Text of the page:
module-assistant -- manage kernel modules packages


module-assistant [-fihnqstv] [-k source/headers directory] [-l kernel versions] {update | search | prepare | auto-install | list | list-available | list-installed | auto-unpacked | get | build | install | clean | purge | fakesource} [pkg...]

m-a ...


module-assistant is the command-line tool for handling module-source packages that have been prepared for the Debian distribution. It helps users to build and install module package(s) easily for one or more custom kernels.

Unless the -h, or --help option is given, one of the commands below should be present to invoke a function explicitly. If no (or no valid) command is specified and the dialog tool is available, a simple graphical user interface will pop up and guide you trough the available functionality.

NOTE: don't even think about using some random linux-source-x.y.z package contents (or linux-x.y.z tarball from the Internet) to specify the kernel source for your currently running kernel. Don't! Those source is not exactly what have been used to build the running kernel and its configuration most likely does not match yours. You need the configured kernel source directory or at least the derived linux-headers-... package containing the kernel configuration for the exact kernel version (complete version string). If you do not understand anything of the above, run "m-a prepare" and/or look at the description and contents of some linux-headers-... package. Please run the module-assistant prepare command once before you do anything else.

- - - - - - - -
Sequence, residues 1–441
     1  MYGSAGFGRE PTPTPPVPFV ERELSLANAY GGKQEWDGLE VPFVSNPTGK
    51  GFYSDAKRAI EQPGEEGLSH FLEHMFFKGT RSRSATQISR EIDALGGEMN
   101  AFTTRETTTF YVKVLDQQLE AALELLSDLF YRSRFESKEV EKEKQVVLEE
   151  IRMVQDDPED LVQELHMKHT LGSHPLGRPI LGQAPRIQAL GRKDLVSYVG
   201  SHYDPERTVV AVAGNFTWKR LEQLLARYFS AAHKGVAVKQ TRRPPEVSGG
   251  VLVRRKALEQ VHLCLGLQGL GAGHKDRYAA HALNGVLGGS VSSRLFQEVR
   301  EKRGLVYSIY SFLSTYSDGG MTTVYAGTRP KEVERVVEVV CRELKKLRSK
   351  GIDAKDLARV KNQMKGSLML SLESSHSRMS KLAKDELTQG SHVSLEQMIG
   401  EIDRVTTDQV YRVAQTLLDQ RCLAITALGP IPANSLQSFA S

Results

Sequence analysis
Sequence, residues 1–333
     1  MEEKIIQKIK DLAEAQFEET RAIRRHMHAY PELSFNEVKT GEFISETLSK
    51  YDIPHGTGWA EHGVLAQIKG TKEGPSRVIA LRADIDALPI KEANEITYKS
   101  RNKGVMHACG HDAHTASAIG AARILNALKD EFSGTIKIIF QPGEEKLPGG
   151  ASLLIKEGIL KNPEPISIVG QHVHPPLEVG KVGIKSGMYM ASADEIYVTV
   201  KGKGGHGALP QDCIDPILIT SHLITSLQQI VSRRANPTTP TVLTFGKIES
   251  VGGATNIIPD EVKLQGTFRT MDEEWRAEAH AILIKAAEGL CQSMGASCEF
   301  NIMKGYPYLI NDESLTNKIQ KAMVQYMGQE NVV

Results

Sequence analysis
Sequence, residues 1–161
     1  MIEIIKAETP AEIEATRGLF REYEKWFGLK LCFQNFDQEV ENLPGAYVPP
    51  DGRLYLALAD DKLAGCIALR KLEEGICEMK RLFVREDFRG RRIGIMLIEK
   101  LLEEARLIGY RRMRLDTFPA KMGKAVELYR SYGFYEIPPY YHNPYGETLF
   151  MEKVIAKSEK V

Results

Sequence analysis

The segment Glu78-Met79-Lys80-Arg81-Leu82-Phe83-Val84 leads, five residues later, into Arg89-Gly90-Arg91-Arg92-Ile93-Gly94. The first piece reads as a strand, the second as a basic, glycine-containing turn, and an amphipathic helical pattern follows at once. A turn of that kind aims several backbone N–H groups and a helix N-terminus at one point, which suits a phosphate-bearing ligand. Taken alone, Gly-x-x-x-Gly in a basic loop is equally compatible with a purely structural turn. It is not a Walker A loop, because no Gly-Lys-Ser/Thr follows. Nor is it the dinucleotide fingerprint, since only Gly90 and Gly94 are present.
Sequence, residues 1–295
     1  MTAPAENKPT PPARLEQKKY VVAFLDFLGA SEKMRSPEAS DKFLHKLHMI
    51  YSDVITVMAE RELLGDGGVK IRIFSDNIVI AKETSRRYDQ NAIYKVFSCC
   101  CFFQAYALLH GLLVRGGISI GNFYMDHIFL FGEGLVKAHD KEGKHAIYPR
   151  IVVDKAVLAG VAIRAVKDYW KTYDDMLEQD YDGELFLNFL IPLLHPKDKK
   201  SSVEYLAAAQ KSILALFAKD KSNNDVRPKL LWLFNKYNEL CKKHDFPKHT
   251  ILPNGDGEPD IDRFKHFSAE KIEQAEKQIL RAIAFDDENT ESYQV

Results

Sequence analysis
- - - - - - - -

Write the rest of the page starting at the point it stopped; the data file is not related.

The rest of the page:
For some packages, linux-headers (reduced source) is not enough. You will have the choice to run a completely customized kernel, or to recreate the source that have been used to build the current one. The fakesource function may be useful, see below.

In order to configure a kernel source properly, you need to make sure that the file version.h is generated. To get it, configure the options as usual (make menuconfig etc.) and run make dep (for kernel 2.4.x) or make prepare (for newer ones).


Most commands require a specification of the package names that they should be applied on. pkg can be a single word (package name) or multiple names. The word all will be expanded to the list of all available packages, the word alli to the list of currently installed (source) packages and the word allu will be expanded to the list of packages that seem to be installed and unpacked in the base source directory. If a source package with the given name is not available, module-assistant (abbreviated: m-a) will extend the package name with the popular suffixes like -kernel, -driver, -module, -source and combinations of them.

Multiple commands can be specified in one invocation, eg. "m-a clean,get,build arla cdfs" is the short way to write "module-assistant clean arla-modules-source ; module-assistant clean cdfs-src ; module-assistant get arla-modules-source cdfs-src ; module-assistant build arla-modules-source cdfs-src" (or similar).

If you do not like the dialog/whiptail GUI, feel free to use the -t switch to disable it.


update is used to resynchronize the version index files from their sources. This happens with helper scripts provided by the packages. module-assistant has a default built-in list of the packages that it should look for but other packages can be registered by module-assistant if the maintainer adds the helper script.


Tries to determine the name of the required linux-headers package (either the one matching the currently running kernel or for the versions specified with -l), installs it if needed and creates the /usr/src/linux symlink if needed. Also installs the build-essential package to ensure that a sane compiler environment is established.